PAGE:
City would be incorporating Class 1 e-bikes into B-Cycle.
Any shared e-bikes, city could regulate the speed from 12-20 mph. (Speed on our multi-use paths is 15 mph, I believe)
Friend: What caused CU trips to double from 2017-2019?
Kemp: We moved under-performing stations to CU.
Friend: Non-resident trips are down. Is that bc we moved stations?
Kemp: We think it's due to the weather, particularly a rainy spring
Friend: CU's went up.
Kemp: At the end of 2019, not in the spring.
Also, those college kids are cray. Us old folks can't be out here riding in the rain. We'll get pneumonia.
(That was me, not Kemp, btw.)
Going over another interesting graph:
Yates is asking how we got to a 40/60 split between CU riders and Boulder resident riders. "It looks like 50/50," he says.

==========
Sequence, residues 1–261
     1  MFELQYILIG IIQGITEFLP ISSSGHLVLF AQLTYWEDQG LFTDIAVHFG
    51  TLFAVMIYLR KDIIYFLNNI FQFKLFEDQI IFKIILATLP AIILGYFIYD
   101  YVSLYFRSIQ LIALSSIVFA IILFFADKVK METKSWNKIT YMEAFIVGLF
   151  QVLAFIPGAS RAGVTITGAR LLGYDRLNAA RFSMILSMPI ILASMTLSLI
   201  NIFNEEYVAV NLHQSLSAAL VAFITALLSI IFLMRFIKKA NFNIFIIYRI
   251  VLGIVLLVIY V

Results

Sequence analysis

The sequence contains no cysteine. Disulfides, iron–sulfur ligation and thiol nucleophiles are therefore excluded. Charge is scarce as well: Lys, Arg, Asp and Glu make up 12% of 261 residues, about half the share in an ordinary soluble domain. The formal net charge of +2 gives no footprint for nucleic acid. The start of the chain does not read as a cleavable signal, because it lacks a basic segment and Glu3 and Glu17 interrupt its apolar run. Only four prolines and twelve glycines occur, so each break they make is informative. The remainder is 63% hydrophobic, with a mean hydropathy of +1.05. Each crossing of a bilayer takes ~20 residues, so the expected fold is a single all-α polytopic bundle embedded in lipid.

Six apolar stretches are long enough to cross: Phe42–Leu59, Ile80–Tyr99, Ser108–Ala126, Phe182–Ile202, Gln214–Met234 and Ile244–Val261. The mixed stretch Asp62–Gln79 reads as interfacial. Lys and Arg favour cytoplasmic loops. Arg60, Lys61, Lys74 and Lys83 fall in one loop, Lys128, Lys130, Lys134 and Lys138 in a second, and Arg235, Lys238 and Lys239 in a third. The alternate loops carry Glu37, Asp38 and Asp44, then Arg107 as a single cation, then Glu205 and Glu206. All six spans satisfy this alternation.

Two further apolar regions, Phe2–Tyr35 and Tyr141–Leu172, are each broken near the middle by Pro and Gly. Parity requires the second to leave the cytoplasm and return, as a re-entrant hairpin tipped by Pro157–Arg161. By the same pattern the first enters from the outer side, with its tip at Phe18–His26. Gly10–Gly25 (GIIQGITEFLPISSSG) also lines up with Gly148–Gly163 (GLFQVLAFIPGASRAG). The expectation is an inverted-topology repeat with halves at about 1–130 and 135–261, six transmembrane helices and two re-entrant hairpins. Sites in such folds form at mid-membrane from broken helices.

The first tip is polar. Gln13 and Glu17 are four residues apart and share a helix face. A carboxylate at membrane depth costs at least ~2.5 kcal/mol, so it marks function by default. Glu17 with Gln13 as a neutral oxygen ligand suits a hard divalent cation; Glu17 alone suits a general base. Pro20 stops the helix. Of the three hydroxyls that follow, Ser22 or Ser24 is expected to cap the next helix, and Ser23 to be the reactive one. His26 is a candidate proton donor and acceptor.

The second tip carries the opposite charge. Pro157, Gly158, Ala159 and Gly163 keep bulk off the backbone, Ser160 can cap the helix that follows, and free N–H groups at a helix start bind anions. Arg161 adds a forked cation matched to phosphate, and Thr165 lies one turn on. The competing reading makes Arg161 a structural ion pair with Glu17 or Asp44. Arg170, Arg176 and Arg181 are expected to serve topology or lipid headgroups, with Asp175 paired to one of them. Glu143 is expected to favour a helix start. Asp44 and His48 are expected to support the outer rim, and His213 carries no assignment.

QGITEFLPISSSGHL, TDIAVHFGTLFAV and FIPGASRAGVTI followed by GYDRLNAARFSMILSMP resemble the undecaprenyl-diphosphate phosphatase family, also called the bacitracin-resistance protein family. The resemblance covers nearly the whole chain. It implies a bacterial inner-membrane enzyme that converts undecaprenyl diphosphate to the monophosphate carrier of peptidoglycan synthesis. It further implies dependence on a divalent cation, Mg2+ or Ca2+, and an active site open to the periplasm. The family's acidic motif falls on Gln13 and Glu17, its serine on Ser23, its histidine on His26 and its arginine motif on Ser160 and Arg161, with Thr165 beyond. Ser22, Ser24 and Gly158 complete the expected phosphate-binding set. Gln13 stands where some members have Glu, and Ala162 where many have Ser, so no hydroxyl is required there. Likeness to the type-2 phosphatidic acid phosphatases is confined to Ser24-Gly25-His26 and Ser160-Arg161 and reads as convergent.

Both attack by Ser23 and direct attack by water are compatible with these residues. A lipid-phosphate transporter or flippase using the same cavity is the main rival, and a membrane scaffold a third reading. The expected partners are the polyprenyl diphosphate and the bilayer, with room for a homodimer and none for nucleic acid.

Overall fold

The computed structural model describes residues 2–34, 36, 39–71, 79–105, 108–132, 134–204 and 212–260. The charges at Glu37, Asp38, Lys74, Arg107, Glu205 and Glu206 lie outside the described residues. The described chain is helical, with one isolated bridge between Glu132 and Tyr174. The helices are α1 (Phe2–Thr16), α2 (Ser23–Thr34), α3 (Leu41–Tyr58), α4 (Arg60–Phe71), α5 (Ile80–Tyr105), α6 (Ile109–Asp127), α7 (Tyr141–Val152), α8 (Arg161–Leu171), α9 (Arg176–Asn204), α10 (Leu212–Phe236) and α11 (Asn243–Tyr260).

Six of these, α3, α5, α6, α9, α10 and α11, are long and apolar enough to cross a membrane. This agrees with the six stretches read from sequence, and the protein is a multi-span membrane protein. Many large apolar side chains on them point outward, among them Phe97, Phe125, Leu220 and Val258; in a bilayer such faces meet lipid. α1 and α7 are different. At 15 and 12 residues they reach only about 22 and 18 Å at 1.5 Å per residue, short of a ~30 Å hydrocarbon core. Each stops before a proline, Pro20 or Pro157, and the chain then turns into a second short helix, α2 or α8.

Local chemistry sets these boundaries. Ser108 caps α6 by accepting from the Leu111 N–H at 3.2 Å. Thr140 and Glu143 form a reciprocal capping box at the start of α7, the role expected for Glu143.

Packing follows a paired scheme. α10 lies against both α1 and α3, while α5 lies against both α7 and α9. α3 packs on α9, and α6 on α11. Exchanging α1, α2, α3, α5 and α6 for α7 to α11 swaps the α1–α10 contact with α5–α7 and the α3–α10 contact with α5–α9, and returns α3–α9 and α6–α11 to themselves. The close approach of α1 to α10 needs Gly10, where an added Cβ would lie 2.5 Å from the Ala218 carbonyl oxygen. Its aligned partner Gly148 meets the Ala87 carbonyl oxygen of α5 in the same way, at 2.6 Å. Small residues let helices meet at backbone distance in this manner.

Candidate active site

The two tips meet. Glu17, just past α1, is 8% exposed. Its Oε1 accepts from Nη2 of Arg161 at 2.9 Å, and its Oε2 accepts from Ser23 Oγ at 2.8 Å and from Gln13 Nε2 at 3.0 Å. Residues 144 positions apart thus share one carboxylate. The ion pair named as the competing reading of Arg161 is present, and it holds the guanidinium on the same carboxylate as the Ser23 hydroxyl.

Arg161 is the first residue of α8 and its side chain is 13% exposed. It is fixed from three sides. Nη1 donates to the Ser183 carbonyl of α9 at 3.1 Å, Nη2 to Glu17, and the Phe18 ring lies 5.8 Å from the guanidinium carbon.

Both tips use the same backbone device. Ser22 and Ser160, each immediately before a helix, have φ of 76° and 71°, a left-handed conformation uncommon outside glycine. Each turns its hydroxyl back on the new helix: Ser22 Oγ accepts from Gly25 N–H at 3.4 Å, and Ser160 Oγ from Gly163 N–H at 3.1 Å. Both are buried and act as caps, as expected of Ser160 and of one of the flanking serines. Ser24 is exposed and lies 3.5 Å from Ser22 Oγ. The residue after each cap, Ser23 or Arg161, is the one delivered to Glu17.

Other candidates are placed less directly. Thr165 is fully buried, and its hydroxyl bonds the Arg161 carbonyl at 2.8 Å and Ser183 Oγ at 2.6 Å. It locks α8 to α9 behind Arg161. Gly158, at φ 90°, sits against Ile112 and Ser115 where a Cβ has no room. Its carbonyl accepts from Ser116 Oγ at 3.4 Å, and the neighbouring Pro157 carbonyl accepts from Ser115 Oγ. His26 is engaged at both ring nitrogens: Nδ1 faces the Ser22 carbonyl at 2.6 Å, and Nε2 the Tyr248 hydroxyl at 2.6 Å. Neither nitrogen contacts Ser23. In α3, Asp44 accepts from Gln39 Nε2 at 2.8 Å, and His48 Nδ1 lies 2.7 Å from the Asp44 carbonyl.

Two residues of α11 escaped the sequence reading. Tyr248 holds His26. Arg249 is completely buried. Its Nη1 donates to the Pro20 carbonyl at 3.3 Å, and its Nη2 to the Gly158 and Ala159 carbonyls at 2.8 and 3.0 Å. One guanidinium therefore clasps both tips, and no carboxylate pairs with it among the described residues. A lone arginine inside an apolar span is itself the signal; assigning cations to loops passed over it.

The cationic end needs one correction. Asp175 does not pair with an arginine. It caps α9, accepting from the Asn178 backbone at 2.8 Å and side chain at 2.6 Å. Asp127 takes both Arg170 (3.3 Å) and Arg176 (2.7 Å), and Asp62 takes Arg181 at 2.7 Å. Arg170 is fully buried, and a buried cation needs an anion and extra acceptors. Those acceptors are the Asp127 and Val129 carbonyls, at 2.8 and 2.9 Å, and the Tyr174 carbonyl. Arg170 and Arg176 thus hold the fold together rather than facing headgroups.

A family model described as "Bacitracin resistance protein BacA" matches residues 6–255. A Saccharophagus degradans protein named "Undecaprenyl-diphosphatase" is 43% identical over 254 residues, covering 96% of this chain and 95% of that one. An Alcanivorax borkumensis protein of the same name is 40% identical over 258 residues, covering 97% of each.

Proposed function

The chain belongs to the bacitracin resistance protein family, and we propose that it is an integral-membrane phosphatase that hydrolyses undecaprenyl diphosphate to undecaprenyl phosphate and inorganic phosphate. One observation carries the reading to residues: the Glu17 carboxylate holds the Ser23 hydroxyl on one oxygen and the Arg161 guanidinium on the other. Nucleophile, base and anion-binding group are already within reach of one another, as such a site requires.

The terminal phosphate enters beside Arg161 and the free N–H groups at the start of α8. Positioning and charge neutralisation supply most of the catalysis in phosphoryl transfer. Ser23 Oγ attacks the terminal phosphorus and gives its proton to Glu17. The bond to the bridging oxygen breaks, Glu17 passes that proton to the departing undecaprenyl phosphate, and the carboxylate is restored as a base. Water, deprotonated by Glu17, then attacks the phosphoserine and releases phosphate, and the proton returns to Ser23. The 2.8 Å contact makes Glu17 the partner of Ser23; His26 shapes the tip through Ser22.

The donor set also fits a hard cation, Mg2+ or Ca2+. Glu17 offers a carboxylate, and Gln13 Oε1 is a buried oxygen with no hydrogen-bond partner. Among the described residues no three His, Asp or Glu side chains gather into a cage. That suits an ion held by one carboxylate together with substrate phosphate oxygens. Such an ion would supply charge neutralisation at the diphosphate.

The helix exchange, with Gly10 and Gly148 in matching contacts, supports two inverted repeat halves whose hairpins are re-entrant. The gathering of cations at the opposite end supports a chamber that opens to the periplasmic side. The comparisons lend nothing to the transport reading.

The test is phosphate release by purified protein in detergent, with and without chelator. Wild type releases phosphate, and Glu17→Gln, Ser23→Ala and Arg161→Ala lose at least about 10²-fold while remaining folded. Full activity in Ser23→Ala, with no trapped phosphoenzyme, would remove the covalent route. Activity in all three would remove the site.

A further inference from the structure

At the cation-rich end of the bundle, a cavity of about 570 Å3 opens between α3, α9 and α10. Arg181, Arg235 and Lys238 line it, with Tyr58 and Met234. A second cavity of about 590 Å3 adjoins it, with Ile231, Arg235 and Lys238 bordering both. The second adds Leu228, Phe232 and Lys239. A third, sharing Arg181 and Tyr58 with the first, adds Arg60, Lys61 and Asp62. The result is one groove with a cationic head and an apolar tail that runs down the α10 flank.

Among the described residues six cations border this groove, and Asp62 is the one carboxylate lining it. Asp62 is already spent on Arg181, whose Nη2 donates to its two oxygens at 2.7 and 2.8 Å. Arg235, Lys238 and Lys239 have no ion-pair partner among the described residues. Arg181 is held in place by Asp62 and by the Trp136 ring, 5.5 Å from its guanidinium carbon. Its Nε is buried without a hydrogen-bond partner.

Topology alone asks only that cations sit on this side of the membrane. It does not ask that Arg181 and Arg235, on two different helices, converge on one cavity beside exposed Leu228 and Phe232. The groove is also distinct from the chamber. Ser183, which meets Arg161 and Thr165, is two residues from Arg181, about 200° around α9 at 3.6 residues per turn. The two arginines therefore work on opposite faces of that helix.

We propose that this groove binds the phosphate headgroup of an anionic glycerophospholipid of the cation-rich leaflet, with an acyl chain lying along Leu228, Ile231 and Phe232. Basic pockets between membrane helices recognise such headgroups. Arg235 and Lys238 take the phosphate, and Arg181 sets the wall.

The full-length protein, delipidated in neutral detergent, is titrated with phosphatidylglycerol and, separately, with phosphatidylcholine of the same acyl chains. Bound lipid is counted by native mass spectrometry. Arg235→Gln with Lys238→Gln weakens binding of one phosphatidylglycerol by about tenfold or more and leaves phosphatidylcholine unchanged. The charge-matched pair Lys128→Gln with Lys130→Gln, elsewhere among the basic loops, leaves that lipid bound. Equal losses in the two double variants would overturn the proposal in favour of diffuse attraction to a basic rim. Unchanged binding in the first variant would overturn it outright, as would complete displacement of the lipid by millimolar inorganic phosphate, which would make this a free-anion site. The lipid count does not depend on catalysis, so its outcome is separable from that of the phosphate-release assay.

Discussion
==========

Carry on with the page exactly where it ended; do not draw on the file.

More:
Weaver jumps in: 43% are CU, by my math.
Total trips last year: 106,000
CU trips last year: 45,000

CU made its offer based on its % of rides, staff says.
Yates: How much negotiating went into that?
Hernandez: They gave $15,000 last year. This year, they came to the table with $100,000. We said we'll get back to you. We were pretty happy they came with that.
Yates: I'd be interested in negotiating with CU. If we have a lot of students using these, it seems to me it would be fair to discuss increasing that 40% contribution.

Kemp (I think): They said they would increase their funding if ridership increases.
Yates: If we spend $100K on e-bikes, who own those: Us, B-Cycle, the university? What happens if this year of funding isn't enough to keep the program going.
Kemp: We don't know that know, if we would own or lease. "It's part of our plan to work that out."
Didn't know this: B-Cycle is a wholly owned subsidiary of Trek.